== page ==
Part of my indifference also stems from the fact that I didn’t particularly like either of them as characters either. Jubilee was doing all right as a strong, independent fighter, but then that romance thing came along… I was also so confused about her dream-like passages in between chapters. I mean, it plays a role in the story, but it just confused me more than anything. I ended up skimming over those passages after a while because they were so nonsensical (and sappy about Flynn). Flynn was just… too good for me. I know I’m supposed to be charmed by his honor and desire to find peace and everything, but he just became kind of boring to me. And the biggest problem is that Jubilee and Flynn’s chapters read largely the same. The only real reason you’re able to tell them apart is because they so often think of the other. I kind of felt that way about These Broken Stars with Lilac and Tarver’s voices as well, but here it’s even more of an issue, which worries me a bit about this writing partnership.
But the book wins points on its world building and plot. I really like the universe that Kaufman and Spooner have built: the terraforming planet, the Fury that infects the soldiers with murderous rage, the mystery of the vanishing island, the continuing threat of LaRoux Industries… it kept me on my toes and interested to find out more. There are some more eyebrow raising things though – like the bizarre strong influence of the Irish on Avon. This is HUNDREDS of years in the future – no matter what Earth is like right now, I’m pretty sure these people, who have been on Avon for generations, would not feel so …Irish. The plot is also really convenient and simplistic at times, like when View Spoiler »Flynn is going to make a galaxy-wide broadcast, and he somehow knows exactly which buttons to push to do that based on a memory of his mother doing it in front of him as a tiny little kid. In any case, what was his mother doing making galaxy-wide broadcasts? How does any of this makes sense? « Hide Spoiler The execution of the story is all still told in a rather exciting and intriguing way, but it loses some logic points here and there. View Spoiler »I will never get over how ridiculous it was for Jubilee to seriously say to the whispers that she’ll help them wipe out the galaxy so long as they don’t kill Flynn right then and there. No. That they’ll save you two for last is definitely worth killing humanity. « Hide Spoiler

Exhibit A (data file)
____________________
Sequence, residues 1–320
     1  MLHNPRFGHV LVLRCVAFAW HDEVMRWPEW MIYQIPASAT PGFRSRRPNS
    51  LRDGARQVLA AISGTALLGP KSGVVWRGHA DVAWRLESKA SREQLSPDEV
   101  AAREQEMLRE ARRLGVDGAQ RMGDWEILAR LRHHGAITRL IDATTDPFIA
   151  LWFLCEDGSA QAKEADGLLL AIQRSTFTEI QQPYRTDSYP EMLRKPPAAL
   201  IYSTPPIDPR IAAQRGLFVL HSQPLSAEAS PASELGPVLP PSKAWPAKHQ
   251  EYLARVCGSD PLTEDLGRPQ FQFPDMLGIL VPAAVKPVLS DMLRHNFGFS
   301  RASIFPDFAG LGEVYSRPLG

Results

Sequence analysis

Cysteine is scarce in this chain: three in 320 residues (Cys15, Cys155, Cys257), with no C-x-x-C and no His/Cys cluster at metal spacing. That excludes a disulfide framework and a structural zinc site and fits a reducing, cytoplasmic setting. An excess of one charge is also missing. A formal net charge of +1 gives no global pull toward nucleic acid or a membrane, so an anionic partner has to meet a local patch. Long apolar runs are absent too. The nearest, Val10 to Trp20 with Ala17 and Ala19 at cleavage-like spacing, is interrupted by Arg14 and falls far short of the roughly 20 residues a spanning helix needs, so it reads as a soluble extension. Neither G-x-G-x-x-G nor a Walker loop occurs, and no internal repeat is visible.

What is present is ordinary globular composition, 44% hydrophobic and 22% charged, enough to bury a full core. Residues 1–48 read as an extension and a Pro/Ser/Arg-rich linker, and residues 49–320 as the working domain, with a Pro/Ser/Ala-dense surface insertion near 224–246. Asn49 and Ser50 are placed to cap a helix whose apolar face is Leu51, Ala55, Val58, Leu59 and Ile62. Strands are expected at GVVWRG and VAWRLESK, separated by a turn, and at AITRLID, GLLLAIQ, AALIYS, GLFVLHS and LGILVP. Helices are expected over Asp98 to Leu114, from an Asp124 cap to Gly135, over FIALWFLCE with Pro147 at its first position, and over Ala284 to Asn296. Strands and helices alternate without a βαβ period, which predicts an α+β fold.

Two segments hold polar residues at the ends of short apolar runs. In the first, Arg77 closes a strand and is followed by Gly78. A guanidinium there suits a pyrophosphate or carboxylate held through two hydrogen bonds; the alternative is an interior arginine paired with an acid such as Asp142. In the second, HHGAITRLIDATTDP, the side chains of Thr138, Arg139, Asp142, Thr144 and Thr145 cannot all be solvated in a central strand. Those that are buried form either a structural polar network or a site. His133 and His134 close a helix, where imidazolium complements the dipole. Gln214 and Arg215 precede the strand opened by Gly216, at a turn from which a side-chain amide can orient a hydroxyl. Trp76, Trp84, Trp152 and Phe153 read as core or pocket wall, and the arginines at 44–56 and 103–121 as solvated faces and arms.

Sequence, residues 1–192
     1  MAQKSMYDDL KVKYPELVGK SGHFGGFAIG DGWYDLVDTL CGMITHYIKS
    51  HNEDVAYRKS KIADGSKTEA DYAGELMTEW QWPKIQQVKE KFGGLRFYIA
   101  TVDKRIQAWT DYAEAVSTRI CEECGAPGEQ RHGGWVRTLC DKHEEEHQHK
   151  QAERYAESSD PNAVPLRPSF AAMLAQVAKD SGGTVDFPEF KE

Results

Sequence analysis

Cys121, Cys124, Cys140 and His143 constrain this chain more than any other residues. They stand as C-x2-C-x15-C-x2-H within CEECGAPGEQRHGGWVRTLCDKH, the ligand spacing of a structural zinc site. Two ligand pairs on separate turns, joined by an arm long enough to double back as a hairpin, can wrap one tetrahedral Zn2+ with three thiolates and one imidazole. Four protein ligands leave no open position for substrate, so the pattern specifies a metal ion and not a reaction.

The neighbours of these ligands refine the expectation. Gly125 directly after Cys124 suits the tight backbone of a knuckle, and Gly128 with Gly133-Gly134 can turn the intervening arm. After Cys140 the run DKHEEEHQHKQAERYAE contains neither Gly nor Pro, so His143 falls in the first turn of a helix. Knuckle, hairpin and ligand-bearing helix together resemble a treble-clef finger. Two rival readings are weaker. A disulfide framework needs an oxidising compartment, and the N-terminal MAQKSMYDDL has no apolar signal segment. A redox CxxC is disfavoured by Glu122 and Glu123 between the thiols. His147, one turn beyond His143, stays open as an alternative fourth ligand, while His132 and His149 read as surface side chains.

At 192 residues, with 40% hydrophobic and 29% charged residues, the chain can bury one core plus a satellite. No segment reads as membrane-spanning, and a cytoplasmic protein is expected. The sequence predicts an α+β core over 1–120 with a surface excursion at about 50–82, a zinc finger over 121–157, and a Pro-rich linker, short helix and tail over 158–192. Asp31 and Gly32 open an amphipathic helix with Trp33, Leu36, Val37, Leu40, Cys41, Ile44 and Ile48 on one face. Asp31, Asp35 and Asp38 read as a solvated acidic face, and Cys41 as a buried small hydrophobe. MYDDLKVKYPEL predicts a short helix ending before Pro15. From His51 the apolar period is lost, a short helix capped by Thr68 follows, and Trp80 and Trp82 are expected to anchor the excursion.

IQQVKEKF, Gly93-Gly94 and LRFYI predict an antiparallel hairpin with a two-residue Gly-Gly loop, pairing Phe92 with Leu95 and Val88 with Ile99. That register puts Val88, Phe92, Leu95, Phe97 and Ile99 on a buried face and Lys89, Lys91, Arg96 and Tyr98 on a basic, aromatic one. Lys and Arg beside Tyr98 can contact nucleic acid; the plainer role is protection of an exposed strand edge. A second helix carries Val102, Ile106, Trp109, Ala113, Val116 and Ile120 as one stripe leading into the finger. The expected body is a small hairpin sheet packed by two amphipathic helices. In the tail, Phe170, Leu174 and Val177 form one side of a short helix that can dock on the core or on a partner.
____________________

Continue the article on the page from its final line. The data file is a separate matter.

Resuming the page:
I was, however, really thrilled that Lilac and Tarver both make appearances in this book with meaningful roles. I remembered how much I did like them in These Broken Stars and they’re so cute together! It pretty much makes me wish the series would just have continued with them though, because they’re so much more interesting than Jubilee and Flynn.